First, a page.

There’s a story I love about an ex student of mine.

He was very talented, very creative, and turned into a good copywriter.

He did some nice ads, and got a job at a really good agency.

The CEO of this agency was very rich and famous.

He noticed that Charlie Saatchi was into modern art.

This piqued his interest.

And he decided to get into modern art too.

So he visited all the galleries and saw lots of modern art.

Eventually he found a large brightly, coloured piece he liked.

It was an acrylic painting, made up of lots of small, brightly coloured squares.

He had it hung, in pride of place, in his office.

It was very impressive.

My ex student was thinking about this, one night after work in the pub.

When everyone else had gone home he went back into the agency.

He went to the press production office.

He took a Pantone book and a pair of scissors.

A Pantone book is made up of little swatches of every colour there is.

He took this book to the CEO’s office.

He held it up to the painting against the coloured squares.

Then he cut out some exactly matched squares from the Pantone book.

And he laid them on the carpet at the bottom of the picture.

Then he went home.

The next morning the CEO went into his office.

He stood admiring his new piece of modern art.

He called his PA in and pointed out to her the finer points of its artistic merit.

Then she asked, “What are those little coloured squares on the floor?”

He picked them up and examined them.

They were exactly the size and colour of the ones in his painting.

He said ominously to his PA, “Get the art dealer who sold me this painting on the phone.”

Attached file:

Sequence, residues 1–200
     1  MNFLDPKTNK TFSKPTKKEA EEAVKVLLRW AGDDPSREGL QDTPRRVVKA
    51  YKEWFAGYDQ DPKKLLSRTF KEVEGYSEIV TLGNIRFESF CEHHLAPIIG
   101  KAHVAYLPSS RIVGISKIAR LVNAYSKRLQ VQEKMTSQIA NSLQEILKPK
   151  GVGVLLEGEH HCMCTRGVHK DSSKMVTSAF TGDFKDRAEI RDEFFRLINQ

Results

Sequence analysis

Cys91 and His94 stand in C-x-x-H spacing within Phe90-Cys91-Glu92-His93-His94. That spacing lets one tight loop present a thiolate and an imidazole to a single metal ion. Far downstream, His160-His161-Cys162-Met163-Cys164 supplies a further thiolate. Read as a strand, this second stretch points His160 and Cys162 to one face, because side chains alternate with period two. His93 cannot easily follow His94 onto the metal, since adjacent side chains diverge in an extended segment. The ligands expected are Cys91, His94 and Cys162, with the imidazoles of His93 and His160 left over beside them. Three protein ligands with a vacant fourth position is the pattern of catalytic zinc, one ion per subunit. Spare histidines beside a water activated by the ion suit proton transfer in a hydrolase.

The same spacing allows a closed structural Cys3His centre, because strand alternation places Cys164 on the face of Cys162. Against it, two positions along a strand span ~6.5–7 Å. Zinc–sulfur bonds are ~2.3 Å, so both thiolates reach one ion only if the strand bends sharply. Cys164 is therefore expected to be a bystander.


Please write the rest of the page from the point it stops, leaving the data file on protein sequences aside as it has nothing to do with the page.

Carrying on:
Calmly, he said to the dealer, “Look, I’ve got a bit of a problem with this painting you sold me.”

The art dealer asked what it was.

Controlling his anger, he said, “Some of the little squares have started falling off.”

The dealer said that wasn’t possible.

The CEO yelled, “Don’t tell me it’s not bloody possible, I’m sitting here holding the little coloured paper squares in my hand.”

The dealer said, “I’m sorry, but that can’t happen. That’s an acrylic painting. The squares can’t fall off, they’re painted on.”

The CEO went quiet.

Gradually the penny dropped.

He put the phone down.

This was embarrassing.

He’d been humiliated in front of his art dealer and his PA.

And subsequently, the CEO stopped collecting modern art.

And my ex student didn’t wait to get fired.

He quickly found himself another job.

Personally I thought what he did was very creative.

And what made it so creative was the simplicity.

The understatement.

He didn’t do, or say, anything.

He just left some little bits of coloured paper on the floor.

And let imagination do the rest.

I think we can learn a lot about the way the mind works from that.

And the human mind is our medium.

It wasn’t advertising, but it was very creative.